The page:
Comrade Bernie's disturbing Marxist past, which is far more extensive than what can be covered in this short article, shouldn't be treated as a mere historical footnote. It clearly illustrates that Sanders' brand of "democratic socialism" is much more than a $15 minimum wage and calls for single-payer health care. It's full of Marxist philosophy, radical revolutionary thinking, anti-police rhetoric, and even support for authoritarian governments.

Millions of Americans have been tricked into thinking Sanders isn't the radical communist the historical record — and even Sanders' own words — clearly show that he is. But the deeper I have dug into Comrade Bernie's past, the more evident it has become that his thinking is much darker and more dangerous and twisted than many of his followers ever imagined.

Tomorrow night, don't miss Glenn Beck's special exposing the radicals who are running Bernie Sanders' campaign. From top to bottom, his campaign is staffed with hard-left extremists who are eager to burn down the system. The threat to our constitution is very real from Bernie's team, and it's unlike anything we've ever seen before in a U.S. election. Join Glenn on Wednesday, at 9 PM Eastern on BlazeTV's YouTube page, and on BlazeTV.com. And just in case you miss it live, the only way to catch all of Glenn's specials on-demand is by subscribing to Blaze TV.

Justin Haskins (Jhaskins@heartland.org) is editorial director of The Heartland Institute and editor-in-chief of StoppingSocialism.com.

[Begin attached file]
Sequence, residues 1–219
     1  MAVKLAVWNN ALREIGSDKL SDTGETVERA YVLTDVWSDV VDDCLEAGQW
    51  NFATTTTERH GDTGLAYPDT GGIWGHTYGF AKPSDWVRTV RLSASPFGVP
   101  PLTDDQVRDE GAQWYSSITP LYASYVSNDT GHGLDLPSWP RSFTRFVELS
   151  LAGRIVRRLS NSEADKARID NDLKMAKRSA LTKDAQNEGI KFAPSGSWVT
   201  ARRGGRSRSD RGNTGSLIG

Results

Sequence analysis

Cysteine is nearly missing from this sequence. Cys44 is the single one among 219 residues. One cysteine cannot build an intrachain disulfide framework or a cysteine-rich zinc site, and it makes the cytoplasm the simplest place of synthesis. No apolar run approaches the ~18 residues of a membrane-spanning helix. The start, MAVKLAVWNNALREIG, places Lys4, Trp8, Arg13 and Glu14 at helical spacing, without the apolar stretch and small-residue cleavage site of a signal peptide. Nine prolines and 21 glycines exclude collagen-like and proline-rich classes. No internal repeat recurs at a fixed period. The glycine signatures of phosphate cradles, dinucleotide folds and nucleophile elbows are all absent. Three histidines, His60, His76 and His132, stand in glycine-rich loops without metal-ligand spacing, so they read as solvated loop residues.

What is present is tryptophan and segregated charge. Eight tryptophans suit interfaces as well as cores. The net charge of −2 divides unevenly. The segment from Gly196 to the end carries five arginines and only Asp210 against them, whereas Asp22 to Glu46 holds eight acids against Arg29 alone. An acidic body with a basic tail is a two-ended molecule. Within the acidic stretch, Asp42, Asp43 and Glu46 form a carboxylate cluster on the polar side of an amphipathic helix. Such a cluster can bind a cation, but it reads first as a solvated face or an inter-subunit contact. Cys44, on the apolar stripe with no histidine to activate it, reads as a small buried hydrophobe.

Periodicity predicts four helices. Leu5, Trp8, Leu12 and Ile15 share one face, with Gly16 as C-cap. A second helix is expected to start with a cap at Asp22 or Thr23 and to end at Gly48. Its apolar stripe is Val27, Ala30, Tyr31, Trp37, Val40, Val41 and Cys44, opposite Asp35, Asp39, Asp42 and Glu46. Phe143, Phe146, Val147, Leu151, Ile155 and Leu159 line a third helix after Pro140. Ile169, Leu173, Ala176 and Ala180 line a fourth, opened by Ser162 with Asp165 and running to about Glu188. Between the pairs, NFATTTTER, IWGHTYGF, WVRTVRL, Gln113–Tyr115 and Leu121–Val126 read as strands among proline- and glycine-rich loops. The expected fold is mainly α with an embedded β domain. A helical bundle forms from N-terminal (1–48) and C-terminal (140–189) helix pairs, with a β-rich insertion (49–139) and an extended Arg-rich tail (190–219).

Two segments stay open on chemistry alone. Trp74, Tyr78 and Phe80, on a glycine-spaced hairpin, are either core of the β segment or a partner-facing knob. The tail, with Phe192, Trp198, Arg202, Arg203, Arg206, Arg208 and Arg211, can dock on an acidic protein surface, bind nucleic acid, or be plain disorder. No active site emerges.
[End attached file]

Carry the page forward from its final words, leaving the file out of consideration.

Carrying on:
Candace Owens, BLEXIT founder and author of the upcoming book, "Blackout," joined Glenn Beck on Friday's GlennTV for an exclusive interview. available only to BlazeTV subscribers.

Candace dropped a few truth-bombs about the progressive movement and what's happening to the Democratic Party. She said people are practically running away from the left due to their incessant push to dig up dirt on anybody who disagrees with their radical ideology. She explained how -- like China and its "social credit score" -- the left is shaping America into its own nightmarish episode of "Black Mirror."

"This game of making sure that everyone is politically correct is a societal atom bomb. There are no survivors. There's no one that is perfect," Candace said. "The idea that humanity can be perfect is Godless. If you accept that there is something greater than us, then you accept that we a flawed. To be human is to be flawed."

Enjoy this clip from the full episode below:

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BlazeTV subscribers can watch the full interview on BlazeTV.com. Use code GLENN to save $10 off one year of your subscription.